IVF is a fertility treatment in which eggs are fertilized by sperm in the lab. The fertilized eggs grow in special incubators to the point where they have enough cells to be transferred to the potential mother’s uterus.
In the initial IVF cycle after the woman’s ovaries have been stimulated to produce extra eggs, fresh embryos are transferred. If there are more embryos than needed for this cycle, the extras are frozen for use in future IVF cycles.
For many years, the prevailing wisdom in assisted reproductive technology (ART) has been that fresh embryo transfers are more successful than frozen embryo transfers (FETs), when FETs are thawed and transferred to a woman’s uterus. The thinking was that the best quality embryos would be selected for the fresh cycle to increase its chance of success, and that the remaining embryos, while still good quality, might not be as optimal as the ones used in the fresh cycle.
Current data implies that this perception may need to change. The most recent information reported to SART, the Society for Assisted Reproductive Technology, for 2013, shows that for women 35 and over the percentage of transfers resulting in live births is actually higher for FETs than for fresh embryo transfers. What seems to matter most to success rates is the mother’s age at the time the embryos were frozen, rather than her age at the time of transfer.
There haven’t been any research studies yet to determine why FETs are becoming more successful or if the procedure for IVF should change to using FETs exclusively. So if you are going for IVF, your first cycle will be a fresh one. If you need a second cycle and you have frozen embryos in storage, you will receive FETs. There are advantages and disadvantages to each.
Pros and Cons of Fresh Cycles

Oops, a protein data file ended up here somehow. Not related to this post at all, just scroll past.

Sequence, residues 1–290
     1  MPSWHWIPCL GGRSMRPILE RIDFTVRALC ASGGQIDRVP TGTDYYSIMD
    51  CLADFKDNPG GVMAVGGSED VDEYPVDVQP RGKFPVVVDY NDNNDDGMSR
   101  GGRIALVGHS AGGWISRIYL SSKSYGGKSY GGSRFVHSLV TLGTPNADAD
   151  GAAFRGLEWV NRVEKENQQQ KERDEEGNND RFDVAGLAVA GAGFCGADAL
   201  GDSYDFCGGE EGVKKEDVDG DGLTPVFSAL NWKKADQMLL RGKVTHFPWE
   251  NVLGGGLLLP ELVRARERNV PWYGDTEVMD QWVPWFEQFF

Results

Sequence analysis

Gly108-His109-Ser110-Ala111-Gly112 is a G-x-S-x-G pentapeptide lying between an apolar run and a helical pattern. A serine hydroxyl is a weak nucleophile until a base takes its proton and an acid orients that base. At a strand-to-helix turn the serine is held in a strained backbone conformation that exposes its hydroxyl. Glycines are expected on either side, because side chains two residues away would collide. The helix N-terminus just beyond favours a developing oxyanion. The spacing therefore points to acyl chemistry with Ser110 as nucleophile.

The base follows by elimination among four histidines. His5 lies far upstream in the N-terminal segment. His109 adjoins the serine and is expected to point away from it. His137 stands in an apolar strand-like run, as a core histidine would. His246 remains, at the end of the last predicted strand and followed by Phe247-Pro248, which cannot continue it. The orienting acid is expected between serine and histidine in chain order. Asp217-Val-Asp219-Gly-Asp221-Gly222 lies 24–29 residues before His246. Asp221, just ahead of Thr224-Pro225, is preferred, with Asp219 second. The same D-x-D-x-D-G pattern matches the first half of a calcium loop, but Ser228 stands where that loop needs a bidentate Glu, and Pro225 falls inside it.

In a fresh cycle, a woman has to have hormone treatment to regulate her menstrual period, stimulate multiple eggs to develop (superovulation), and help the eggs to mature. You have to be monitored carefully during this time. When the eggs are mature, they are harvested and fertilized with sperm in the lab. Two to five days after harvesting, the embryos which have developed the best are transferred into your uterus. Fresh cycles have been used for decades in IVF treatment and have a long history of success. Another advantage is that, if you are successful with your first, fresh cycle you don’t have to go through the intensive hormone injection treatment again unless you want to have another child later on and use your frozen embryos. The medications used for this treatment are much less intensive (and expensive!)
The fertility medications are demanding of your body. Higher levels of the hormone medications are required for ovarian stimulation than are needed when FETs are transferred. Fertility medication costs for your fresh IVF cycles may range from $4,500 to as much as $10,000. Just to be clear, however, remember that you can’t have a frozen cycle without first going through ovarian stimulation and the whole laboratory procedure to develop embryos, whether you are going to use them fresh or frozen.
Pros and Cons of Frozen Cycles
When you have a frozen cycle, you don’t have to go through ovarian stimulation or egg retrieval, since you did that in an earlier fresh cycle. You do have to use estrogen and progesterone to thicken the uterine lining and prepare it to receive the embryo transfer, but these medications are much less expensive than the ovarian stimulation medications. They also have fewer potential side effects, are less demanding of your body, and the ultrasound and bloodwork monitoring that the practice does for you is not part of the FET protocol.
Many people find that FETs are less stressful than fresh cycles because they don’t have to worry about egg production or if there will be viable embryos, since those procedures have already been done. Another advantage of a FET cycle is that you can schedule the date of the transfer months in advance and plan for it.
Your chances of success with a FET are about the same as they were when the embryos were first frozen, because freezing keeps them from aging. Recent data for transfers suggests that FETs may be more successful than fresh cycles for women 35 and over, but studies have not yet been done to validate this.